The BOP has several logistics centers for storing emergency equipment such as mobile kitchens, water trailers, tents, cots, blankets and portable lighting. These supplies–most of which are military surplus–can be used to support institution operations or an influx of staff to the site of an emergency situation.

During monthly training, SORTs test logistics center equipment to ensure that it is operable. The Office of Emergency Preparedness also has developed an interagency agreement with the Department of Defense to move Bureau personnel and equipment to troubled areas in the event of an institutional emergency.

All institutions are required to conduct at least two mock emergency exercises each year to integrate the various aspects of their emergency response program–SORT, Disturbance Control and the Hostage Negotiation Team–and to ensure coordination with relevant military, federal, state, or local law enforcement and emergency response staff.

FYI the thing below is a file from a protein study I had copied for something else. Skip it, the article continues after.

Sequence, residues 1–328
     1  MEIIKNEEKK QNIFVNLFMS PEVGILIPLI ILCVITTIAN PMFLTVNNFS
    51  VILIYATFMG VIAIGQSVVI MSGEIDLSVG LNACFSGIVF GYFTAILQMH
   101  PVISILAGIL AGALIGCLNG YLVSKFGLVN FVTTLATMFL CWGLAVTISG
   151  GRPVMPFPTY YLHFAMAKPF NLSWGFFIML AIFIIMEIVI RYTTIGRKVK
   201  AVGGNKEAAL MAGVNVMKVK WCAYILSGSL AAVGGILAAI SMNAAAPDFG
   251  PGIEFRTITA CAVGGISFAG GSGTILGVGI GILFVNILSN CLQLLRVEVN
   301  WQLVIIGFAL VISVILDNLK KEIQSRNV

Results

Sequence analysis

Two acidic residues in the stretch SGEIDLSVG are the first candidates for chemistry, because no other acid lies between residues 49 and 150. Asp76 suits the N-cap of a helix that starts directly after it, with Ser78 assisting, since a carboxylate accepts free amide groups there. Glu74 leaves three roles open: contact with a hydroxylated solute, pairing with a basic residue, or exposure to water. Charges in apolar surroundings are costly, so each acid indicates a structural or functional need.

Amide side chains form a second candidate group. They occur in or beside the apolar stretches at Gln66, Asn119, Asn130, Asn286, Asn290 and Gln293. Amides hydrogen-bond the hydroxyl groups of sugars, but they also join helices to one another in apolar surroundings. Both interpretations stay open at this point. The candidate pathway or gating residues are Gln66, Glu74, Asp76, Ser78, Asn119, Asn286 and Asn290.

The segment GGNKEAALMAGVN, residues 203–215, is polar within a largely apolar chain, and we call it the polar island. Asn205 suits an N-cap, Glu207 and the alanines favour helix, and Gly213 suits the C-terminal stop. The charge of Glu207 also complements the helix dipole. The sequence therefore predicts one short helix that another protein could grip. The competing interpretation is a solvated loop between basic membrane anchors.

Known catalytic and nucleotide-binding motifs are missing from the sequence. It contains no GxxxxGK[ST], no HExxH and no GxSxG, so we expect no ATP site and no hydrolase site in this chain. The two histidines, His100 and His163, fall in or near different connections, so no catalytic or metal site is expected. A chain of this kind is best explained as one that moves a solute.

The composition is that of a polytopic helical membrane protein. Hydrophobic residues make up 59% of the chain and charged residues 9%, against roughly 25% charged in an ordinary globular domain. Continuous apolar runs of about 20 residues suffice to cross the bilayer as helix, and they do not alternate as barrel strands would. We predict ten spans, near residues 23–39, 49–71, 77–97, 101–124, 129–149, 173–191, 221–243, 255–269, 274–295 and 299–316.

The Bureau’s training and commitment to readiness has paid great dividends in recent years. It was instrumental in the successful resolution of the 1987 disturbances at USP-Atlanta and FCI-Oakdale, the 1991 hostage situation at FCI-Talladega, Ala., the containment and mass-movement of inmates after Hurricane Andrew damaged FCI-Miami, and the maintenance of order during the civil unrest that erupted in Los Angeles in May 1992. These episodes demonstrated the importance of adequate preparation and training when coping with a wide variety of emergency situations.